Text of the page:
Image: public domain<p>Here's one example of Tolkienography—if that's what we can call the effect of actual geography on this particular writer's imagination—which I gleaned myself, some years ago in East Yorkshire. A local historian told me that Tolkien had been stationed in the area during the First World War, and had apparently stored away some local place names for later use. The name Frodo, he said, derived from a town where he had attended a few dances – Frodingham, a village across the Humber in northern Lincolnshire, not far from Scunthorpe (<em>Scunto</em>? We dodged a bullet there). </p><p>Whether that story is entirely true or not is beside the point. As fantasy fans know, any grail quest is ultimately about the quest, not the grail. In fact, to quote Mr Kamali, the treasure is important only because it's well hidden, "by a clever professor who enjoys riddles."</p><p><em>Unless otherwise indicated, illustrations are from Mr Kamali's <a href="https://arda.ir/the-tale-of-the-annotated-map-and-tolkien-hidden-riddles/?fbclid=IwAR3RmtU0ZdyzQGlK-iCsUjho4LA2W279fwO9dt8vv90FX2IeO3zrfMuMToU" target="_blank">article</a> on <a href="https://arda.ir/" target="_blank">Arda.ir</a>, reproduced with kind permission. </em><br></p><p><strong>Strange Maps #1036</strong></p><p><em>Got a strange map? Let me know at </em><a href="mailto:email@example.com">firstname.lastname@example.org</a><em>.</em></p>
The European Union is debating over two lists of nations from which it will accept travelers starting July 1.
- The EU has slowed the spread of COVID-19 in most regions, while cases in the U.S. continue to grow.
- The U.S. is reportedly excluded from both lists of "accepted nations," but Secretary of State Mike Pompeo suggested the U.S. may reach an agreement with European officials.
- A ban on American travel would surely have political consequences for the Trump administration.
Europe is divided on whether films should have subtitles or different audio tracks.
- The boom of international content is fueling the rise of dubbing, or 're-voicing' the movie or series in another language.
- As old as the 'talkies', dubbing and subtitling won out over a competing technique known as 'multiple language versions'.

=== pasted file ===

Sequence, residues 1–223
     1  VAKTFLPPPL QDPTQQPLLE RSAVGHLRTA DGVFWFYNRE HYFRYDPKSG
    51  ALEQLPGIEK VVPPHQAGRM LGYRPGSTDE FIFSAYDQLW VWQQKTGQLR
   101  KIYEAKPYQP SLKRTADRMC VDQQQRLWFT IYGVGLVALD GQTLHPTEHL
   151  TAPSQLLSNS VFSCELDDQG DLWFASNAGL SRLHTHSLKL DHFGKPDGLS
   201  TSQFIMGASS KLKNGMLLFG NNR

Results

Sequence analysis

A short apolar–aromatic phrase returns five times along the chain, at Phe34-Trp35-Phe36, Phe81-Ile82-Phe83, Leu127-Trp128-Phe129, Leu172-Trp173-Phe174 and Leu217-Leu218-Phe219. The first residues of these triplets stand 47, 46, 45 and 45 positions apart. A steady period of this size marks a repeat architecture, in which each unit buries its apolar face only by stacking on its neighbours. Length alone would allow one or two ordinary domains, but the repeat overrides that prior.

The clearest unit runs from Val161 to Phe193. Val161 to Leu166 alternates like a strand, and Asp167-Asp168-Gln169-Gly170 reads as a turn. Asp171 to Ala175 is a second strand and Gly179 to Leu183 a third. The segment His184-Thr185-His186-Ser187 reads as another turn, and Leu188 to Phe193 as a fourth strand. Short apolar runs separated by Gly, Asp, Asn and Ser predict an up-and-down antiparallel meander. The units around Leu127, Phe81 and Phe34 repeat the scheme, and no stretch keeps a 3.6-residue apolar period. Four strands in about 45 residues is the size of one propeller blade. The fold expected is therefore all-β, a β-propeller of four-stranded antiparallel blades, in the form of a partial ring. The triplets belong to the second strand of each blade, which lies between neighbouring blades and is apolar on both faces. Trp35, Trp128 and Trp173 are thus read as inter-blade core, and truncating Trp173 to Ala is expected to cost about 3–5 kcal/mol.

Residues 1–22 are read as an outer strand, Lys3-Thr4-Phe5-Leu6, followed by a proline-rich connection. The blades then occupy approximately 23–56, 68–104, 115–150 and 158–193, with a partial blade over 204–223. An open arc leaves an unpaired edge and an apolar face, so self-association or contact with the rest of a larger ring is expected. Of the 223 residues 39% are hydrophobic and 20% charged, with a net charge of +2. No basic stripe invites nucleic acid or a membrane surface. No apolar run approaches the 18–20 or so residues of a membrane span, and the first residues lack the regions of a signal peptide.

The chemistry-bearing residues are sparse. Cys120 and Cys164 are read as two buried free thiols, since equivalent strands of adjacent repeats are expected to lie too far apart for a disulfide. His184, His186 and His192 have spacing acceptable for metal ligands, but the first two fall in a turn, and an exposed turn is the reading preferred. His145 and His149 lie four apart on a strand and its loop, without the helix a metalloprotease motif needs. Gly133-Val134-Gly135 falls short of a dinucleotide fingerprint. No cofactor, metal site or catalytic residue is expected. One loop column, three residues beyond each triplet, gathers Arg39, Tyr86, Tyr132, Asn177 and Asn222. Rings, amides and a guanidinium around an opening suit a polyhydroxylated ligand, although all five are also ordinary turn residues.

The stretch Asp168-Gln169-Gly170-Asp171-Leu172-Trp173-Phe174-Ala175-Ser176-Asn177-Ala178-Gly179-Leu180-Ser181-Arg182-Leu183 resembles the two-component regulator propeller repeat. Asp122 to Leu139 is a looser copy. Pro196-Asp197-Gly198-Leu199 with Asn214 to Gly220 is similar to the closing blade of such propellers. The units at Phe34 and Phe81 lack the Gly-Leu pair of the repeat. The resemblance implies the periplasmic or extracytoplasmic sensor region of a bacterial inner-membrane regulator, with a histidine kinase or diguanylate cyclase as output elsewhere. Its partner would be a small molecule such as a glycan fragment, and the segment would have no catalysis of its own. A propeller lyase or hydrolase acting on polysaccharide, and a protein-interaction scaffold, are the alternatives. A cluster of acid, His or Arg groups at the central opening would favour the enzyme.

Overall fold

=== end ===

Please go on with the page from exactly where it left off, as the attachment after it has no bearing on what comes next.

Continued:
- As this map shows, Europe is deeply divided between subbing and dubbing – and between different kinds of dubbing.
Which version of 'The Woods'?<span style="display:block;position:relative;padding-top:56.25%;" class="rm-shortcode" data-rm-shortcode-id="0fdf149c7a41b4589ff4233fb525e212"><iframe type="lazy-iframe" data-runner-src="https://www.youtube.com/embed/4RlU1A_AJx4?rel=0" width="100%" height="auto" frameborder="0" scrolling="no" style="position:absolute;top:0;left:0;width:100%;height:100%;"></iframe></span><p>How do you like your foreign-language movies and series: subbed or dubbed? International content is booming on streaming services. So even for English-speaking audiences, long used to their language ruling screens both silver and small, it's an increasingly relevant question.<br></p><p>And one without a definitive answer: both subtitling and dubbing (a.k.a. 're-voicing') have inherent drawbacks. Watching something 'in foreign' means the subtitles subtract from the work's visual integrity; but choose the version dubbed into your own lingo, and you may feel short-changed in the authenticity department.</p><p>Nevertheless, most people have a clear preference one way or the other. Like Harlan Coben, whose 2007 thriller "The Woods" was adapted into a Polish-language Netflix series – and then subbed and dubbed back into English. He recently <a href="https://twitter.com/HarlanCoben/status/12714429766..." target="_blank">tweeted</a>: <em>"Netflix gives you the choice to watch The Woods dubbed or subtitled. I urge you to use subtitles, (but) you do you. Rock on." </em></p><p><a href="https://twitter.com/HarlanCoben/status/1271442976678588417" target="_blank"></a>Coben later <a href="https://twitter.com/HarlanCoben/status/12719074382..." target="_blank">replied</a> to a fan (who said they were watching the subtitled version): <em>"Yes. This is the best way to watch a show or movie – original language setting with your language in subtitles (but) if you want to watch with English dubbing, hey, cool, I'm not in the judging business."</em><br><br>Coben's opinion chimes with that of the 'arthouse' audience, which prefers to sample foreign fare in the original language with subtitles, for authenticity's sake. They're vocal about their preference, but recent data suggests they're the minority. As many as 36 percent of Netflix subscribers in the U.S. watched Spanish smash hit "Money Heist" ("Casa de papel" in the original) in the dubbed version. Only a few percent watched it with subtitles. </p><p>Moreover, there is evidence that good dubs increase audience engagement, and that viewers – American ones at least – are more likely to finish the dubbed version of an episodic drama than the subbed one. </p><p>The arthouse crowd might be unable to support the loss of the near-immersive quality of subtitling, but the obvious reason for the popularity of dubbing is practical: it's easier to use as 'wallpaper'. Just try to do the ironing while keeping up with "The Woods" in Polish with subtitles.<br></p>